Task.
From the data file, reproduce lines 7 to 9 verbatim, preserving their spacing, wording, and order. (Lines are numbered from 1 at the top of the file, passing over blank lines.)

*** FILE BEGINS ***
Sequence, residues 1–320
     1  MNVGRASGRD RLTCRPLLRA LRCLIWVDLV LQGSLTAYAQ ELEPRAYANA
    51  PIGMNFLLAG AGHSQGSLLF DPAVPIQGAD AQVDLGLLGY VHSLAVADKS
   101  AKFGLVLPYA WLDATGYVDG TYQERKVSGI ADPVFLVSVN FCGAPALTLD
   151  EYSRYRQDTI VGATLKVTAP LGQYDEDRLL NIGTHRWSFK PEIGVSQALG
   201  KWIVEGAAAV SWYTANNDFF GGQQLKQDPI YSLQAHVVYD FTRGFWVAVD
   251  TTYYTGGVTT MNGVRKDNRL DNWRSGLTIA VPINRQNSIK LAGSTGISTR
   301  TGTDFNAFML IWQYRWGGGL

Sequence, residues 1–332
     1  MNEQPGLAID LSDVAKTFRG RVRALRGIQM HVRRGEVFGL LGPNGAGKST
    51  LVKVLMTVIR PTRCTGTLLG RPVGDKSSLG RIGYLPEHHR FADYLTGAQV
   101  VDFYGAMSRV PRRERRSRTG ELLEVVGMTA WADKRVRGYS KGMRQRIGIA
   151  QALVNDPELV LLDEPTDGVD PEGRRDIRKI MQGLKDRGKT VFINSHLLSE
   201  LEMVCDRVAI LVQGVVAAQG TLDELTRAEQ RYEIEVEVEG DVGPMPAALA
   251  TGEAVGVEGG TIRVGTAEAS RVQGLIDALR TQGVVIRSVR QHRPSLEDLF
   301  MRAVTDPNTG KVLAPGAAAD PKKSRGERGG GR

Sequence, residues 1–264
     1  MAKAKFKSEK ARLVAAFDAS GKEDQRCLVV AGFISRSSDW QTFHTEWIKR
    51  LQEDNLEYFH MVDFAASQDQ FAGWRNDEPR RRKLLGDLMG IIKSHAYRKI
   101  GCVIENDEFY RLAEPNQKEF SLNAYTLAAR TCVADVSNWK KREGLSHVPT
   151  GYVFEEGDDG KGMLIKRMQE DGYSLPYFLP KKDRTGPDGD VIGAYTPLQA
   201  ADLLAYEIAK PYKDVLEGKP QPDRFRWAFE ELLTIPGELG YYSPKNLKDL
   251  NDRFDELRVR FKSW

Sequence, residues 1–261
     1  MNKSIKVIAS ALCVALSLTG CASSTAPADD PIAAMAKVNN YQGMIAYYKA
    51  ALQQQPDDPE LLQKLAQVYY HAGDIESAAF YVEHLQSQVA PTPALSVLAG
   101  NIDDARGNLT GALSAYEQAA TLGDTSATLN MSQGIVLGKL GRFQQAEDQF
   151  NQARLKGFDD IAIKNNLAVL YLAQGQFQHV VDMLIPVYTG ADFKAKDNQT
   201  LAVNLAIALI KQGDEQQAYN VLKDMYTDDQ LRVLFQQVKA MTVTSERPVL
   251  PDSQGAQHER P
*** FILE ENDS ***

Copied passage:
   251  TTYYTGGVTT MNGVRKDNRL DNWRSGLTIA VPINRQNSIK LAGSTGISTR
   301  TGTDFNAFML IWQYRWGGGL

Sequence, residues 1–332